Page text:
GoldenEye 007 Review
Every gamer out there knows about the N64 classic Goldeneye. A vast majority of us saw the days turn into weeks, weeks into months, months into years while clutching the N64's controller, crowed around the TV with friends and blasting away at one another. I didn't personally put the game away until I'd unlocked every single secret, and beating the toughest time trial, found in the Moonraker level, took weeks of careful trial and error. The game also brought the first-person shooter to the console world, as up until that point, the genre had been confined to PCs only. Let's face it: Without Goldeneye, there would be no Halo. No Killzone. No Call of Duty. Goldeneye started it all, and EA has now released a semi-sequel/update/remake on Nintendo's Wii. Does the new version hold up against what is considered by many to be the finest FPS ever created?
Goldeneye 007 shares the plot with the original, which took its story from the first Pierce Bronsnan James Bond film. Incidentally, it is the only James Bond movie I've ever seen, and the only reason I watched it was because I loved the game so much. Anyhow, you play as the famous secret agent (who has been replaced in the game with the actor currently playing Bond, Daniel Craig) and must stop a plot to use the Goldeneye, a kind of satellite weapon that can destroy the world's electronic devices, hatched by your former partner, Agent 006. While it was easy to follow the plot in the original game, it has been fleshed out much more in this game through the use of spoken dialogue and semi-scripted action sequences that make the game feel like Goldeneye: Call of Duty Edition. Following the tale to it's end isn't the top motivator in getting through the single player campaign, but the flair and style through which it is told is more than welcome and almost always enthralling.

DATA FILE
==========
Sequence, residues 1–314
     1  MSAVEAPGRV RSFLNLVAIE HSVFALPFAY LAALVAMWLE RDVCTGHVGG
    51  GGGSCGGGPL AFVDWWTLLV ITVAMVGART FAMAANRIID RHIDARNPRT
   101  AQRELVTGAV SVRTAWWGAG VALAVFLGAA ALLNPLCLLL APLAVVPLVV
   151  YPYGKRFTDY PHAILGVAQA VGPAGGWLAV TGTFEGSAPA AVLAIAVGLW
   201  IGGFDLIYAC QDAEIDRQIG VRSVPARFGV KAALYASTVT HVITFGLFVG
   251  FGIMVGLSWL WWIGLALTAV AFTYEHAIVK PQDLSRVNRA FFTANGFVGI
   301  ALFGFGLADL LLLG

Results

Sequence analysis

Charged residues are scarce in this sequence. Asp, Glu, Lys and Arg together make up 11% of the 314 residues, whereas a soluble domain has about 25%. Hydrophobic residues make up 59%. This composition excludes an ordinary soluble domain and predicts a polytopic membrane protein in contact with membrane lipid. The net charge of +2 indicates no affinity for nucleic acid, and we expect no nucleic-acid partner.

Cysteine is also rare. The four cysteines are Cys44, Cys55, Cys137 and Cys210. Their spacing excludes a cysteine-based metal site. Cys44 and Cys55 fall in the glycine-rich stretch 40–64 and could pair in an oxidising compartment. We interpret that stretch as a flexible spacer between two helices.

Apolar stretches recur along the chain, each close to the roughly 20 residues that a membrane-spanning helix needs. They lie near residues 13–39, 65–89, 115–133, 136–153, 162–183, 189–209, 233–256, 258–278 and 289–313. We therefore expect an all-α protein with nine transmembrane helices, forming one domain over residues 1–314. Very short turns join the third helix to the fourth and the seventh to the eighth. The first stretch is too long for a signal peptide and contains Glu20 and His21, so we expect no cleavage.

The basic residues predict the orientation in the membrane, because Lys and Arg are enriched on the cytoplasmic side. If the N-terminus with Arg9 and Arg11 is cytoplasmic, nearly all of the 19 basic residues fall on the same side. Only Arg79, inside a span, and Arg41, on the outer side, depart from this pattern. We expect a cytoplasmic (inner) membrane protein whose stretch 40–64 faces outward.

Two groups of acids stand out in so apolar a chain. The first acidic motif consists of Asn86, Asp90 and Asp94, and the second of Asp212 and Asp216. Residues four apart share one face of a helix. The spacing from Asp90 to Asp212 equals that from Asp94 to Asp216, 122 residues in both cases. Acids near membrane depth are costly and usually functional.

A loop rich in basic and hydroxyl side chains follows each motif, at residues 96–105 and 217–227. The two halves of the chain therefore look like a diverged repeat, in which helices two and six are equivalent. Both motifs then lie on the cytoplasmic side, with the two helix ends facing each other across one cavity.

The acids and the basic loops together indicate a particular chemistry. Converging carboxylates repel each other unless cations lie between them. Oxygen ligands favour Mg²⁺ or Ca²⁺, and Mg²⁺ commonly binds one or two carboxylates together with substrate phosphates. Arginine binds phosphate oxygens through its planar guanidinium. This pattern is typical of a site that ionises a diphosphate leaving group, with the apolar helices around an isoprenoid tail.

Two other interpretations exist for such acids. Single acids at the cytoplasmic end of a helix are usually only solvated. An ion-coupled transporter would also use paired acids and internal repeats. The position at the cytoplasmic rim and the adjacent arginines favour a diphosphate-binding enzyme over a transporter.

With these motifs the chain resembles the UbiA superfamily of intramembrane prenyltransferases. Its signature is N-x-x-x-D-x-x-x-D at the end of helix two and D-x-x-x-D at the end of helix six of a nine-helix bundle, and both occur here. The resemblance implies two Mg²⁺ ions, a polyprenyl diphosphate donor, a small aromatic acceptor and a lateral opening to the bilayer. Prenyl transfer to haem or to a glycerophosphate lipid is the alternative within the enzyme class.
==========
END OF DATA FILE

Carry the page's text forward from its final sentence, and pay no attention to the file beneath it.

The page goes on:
Being on the Wii, many might fear about the game's presentation. Rest assured, things look and sound pretty good. The environments are large and varied, character models are well done and the bullet effects are beyond just about everything seen yet on the Wii. Also, for fans of the original, the endless fog and environmental pop-in are all but gone. There is also plenty of voice acting, but in cutscenes and in-game, and all of it is handled nicely. As I mentioned above, the Call of Duty-style semi-scripted action sequences add a lot. The first level on the N64 had players sneaking up to a Russian base through a long, lifeless tunnel and across an enemy-filled courtyard. Goldeneye 007 follows roughly the same path, but with lots of back and forth between you and 006, a white-knuckled truck race through the aforementioned tunnel and more action than you'll know what to do with. Think of this Goldeneye like the special editions of the Star Wars films if they added stuff that was actually worth adding in. If you know the original inside and out, half the fun of this one is seeing just how much more bang you get for your buck.